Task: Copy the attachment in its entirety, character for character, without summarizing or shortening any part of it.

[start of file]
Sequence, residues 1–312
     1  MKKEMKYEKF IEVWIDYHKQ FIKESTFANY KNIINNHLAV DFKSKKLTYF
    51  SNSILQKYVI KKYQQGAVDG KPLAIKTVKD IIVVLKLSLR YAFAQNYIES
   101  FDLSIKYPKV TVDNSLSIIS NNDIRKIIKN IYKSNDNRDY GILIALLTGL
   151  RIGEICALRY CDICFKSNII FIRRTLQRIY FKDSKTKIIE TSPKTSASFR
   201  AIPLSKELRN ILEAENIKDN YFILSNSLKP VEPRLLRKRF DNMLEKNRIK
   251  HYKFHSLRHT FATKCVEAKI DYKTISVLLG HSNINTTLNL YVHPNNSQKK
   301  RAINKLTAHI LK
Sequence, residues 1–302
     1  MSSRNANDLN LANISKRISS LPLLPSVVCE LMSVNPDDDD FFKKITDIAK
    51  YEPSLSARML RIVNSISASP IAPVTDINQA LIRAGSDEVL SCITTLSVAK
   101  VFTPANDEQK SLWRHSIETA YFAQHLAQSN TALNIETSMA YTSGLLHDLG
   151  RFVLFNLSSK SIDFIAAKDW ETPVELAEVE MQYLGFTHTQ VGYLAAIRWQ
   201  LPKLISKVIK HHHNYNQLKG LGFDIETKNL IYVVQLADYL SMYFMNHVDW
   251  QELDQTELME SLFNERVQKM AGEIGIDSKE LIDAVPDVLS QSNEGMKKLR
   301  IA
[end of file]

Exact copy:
Sequence, residues 1–312
     1  MKKEMKYEKF IEVWIDYHKQ FIKESTFANY KNIINNHLAV DFKSKKLTYF
    51  SNSILQKYVI KKYQQGAVDG KPLAIKTVKD IIVVLKLSLR YAFAQNYIES
   101  FDLSIKYPKV TVDNSLSIIS NNDIRKIIKN IYKSNDNRDY GILIALLTGL
   151  RIGEICALRY CDICFKSNII FIRRTLQRIY FKDSKTKIIE TSPKTSASFR
   201  AIPLSKELRN ILEAENIKDN YFILSNSLKP VEPRLLRKRF DNMLEKNRIK
   251  HYKFHSLRHT FATKCVEAKI DYKTISVLLG HSNINTTLNL YVHPNNSQKK
   301  RAINKLTAHI LK
Sequence, residues 1–302
     1  MSSRNANDLN LANISKRISS LPLLPSVVCE LMSVNPDDDD FFKKITDIAK
    51  YEPSLSARML RIVNSISASP IAPVTDINQA LIRAGSDEVL SCITTLSVAK
   101  VFTPANDEQK SLWRHSIETA YFAQHLAQSN TALNIETSMA YTSGLLHDLG
   151  RFVLFNLSSK SIDFIAAKDW ETPVELAEVE MQYLGFTHTQ VGYLAAIRWQ
   201  LPKLISKVIK HHHNYNQLKG LGFDIETKNL IYVVQLADYL SMYFMNHVDW
   251  QELDQTELME SLFNERVQKM AGEIGIDSKE LIDAVPDVLS QSNEGMKKLR
   301  IA